The title of Joseph Stiglitz's compelling piece in the November/December issue of the Washington Monthly pretty much says it all: "Slow Growth and Inequality Are Political Choices. We Can Choose Otherwise." Those who have read my book would not be surprised to learn that I wholeheartedly agree with its analysis. But Stiglitz makes one move that I find highly objectionable. A small point that he makes in passing concerns an historical analogy. "At the foundation of our democracy," Stilgitz writes, "was the middle class—the modern-day version of the small, property-owning American farmer whom Thomas Jefferson saw as the backbone of the country."
I cannot get on board with this comparison. The key to the yeoman ideal that Jefferson celebrated was that these agriculturalists were self-sufficient. Being farmers, they depended upon no one for their daily bread, and could consequently freely vote their consciences without fear of reprisal. This economic independence was absolutely necessary, in Jefferson's view, to the maintenance of a republican form of government. Today's middle class is something far different. Members of this group make their living with wages and salaries, and are entirely dependent for their sustenance on commerce and technology. This arrangement has many virtues, but one among them is not the quality of embodying a Jeffersonian ideal.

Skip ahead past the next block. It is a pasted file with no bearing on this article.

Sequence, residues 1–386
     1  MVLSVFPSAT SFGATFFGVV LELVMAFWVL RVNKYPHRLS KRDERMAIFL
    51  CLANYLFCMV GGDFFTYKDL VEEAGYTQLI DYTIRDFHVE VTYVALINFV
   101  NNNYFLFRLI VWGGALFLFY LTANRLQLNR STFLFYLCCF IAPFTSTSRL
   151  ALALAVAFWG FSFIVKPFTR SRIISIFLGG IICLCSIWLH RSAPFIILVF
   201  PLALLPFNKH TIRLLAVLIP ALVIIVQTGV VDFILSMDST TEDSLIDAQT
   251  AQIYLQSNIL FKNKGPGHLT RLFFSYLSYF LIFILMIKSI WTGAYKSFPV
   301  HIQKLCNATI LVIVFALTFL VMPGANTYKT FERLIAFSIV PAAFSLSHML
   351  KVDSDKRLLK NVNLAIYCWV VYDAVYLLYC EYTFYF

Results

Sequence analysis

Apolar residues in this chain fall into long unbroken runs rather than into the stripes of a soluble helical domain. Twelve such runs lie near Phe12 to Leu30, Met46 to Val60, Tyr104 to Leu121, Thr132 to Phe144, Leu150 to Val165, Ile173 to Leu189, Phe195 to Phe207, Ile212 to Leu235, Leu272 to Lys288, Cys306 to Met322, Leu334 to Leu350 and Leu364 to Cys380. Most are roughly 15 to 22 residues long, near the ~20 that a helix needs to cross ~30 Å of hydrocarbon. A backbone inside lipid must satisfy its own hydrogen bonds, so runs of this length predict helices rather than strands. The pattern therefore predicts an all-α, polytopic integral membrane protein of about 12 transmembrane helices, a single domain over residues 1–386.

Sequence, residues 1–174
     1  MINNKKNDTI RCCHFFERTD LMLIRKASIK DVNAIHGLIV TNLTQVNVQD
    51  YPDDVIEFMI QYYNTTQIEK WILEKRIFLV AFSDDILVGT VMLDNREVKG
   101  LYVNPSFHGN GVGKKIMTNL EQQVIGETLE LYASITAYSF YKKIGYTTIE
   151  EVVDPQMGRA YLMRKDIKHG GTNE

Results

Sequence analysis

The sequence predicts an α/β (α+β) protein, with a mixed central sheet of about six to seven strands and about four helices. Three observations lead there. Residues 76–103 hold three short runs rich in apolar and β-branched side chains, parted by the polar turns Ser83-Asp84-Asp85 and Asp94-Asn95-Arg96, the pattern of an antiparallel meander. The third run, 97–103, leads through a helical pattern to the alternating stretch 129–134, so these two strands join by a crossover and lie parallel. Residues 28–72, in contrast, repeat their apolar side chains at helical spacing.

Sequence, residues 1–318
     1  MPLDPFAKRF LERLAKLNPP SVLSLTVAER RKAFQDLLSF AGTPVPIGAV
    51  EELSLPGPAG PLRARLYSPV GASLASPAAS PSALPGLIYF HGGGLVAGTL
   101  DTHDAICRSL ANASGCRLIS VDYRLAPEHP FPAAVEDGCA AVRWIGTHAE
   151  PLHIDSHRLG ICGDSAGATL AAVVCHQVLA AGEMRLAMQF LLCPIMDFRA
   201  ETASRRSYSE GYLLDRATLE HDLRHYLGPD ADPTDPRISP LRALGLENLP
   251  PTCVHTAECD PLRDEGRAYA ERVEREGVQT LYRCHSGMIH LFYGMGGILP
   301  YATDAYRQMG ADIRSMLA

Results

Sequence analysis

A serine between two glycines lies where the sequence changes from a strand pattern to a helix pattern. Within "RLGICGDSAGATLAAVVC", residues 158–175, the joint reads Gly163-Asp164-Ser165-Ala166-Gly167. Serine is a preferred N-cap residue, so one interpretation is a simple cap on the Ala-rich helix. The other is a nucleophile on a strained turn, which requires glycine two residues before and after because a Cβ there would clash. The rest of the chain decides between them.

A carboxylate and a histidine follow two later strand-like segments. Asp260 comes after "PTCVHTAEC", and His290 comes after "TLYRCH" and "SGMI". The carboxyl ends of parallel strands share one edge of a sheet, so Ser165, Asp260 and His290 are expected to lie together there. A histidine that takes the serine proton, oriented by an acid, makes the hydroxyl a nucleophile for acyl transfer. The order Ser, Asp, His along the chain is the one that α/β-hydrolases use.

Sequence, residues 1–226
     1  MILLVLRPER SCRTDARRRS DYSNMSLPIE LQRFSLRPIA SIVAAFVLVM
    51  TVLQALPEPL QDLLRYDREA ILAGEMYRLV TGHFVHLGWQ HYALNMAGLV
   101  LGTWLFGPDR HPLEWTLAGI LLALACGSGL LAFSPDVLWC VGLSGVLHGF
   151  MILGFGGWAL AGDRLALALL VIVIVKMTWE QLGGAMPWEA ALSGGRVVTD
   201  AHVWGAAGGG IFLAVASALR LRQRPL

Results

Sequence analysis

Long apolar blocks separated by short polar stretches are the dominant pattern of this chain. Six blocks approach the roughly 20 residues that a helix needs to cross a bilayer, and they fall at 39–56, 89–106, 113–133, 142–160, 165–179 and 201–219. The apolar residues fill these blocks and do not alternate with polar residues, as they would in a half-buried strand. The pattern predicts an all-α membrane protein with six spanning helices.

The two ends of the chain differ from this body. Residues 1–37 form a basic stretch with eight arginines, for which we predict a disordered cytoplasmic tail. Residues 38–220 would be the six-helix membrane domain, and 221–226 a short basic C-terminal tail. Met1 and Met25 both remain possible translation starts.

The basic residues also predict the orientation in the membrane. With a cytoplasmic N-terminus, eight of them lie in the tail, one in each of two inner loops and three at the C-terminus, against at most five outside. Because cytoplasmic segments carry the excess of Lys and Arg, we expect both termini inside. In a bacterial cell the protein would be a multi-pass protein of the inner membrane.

Stiglitz's claim exemplifies the trend noted in David Sehat's forthcoming book, The Jefferson Rule: How the Founding Fathers Became Infallible and Our Politics Inflexible. The book traces the role that the idea of the founders has played in political discourse. Tracing the trope back to Jefferson himself, Sehat does a great job of showing that these men have served less as a noble ideal that Americans seek to exemplify than as a political football that competing parties use to further their own agendas. Though today we associate the veneration of the founders primarily with conservatives, Sehat demonstrates that all parties have sought to associate their own ideas with this powerful symbol. Stiglitz's passing comment also shows that appropriating the founders is as American as apple pie.
[The original post has been revised to reflect the change in jacket design and subtitle of Sehat's book since it has been released.]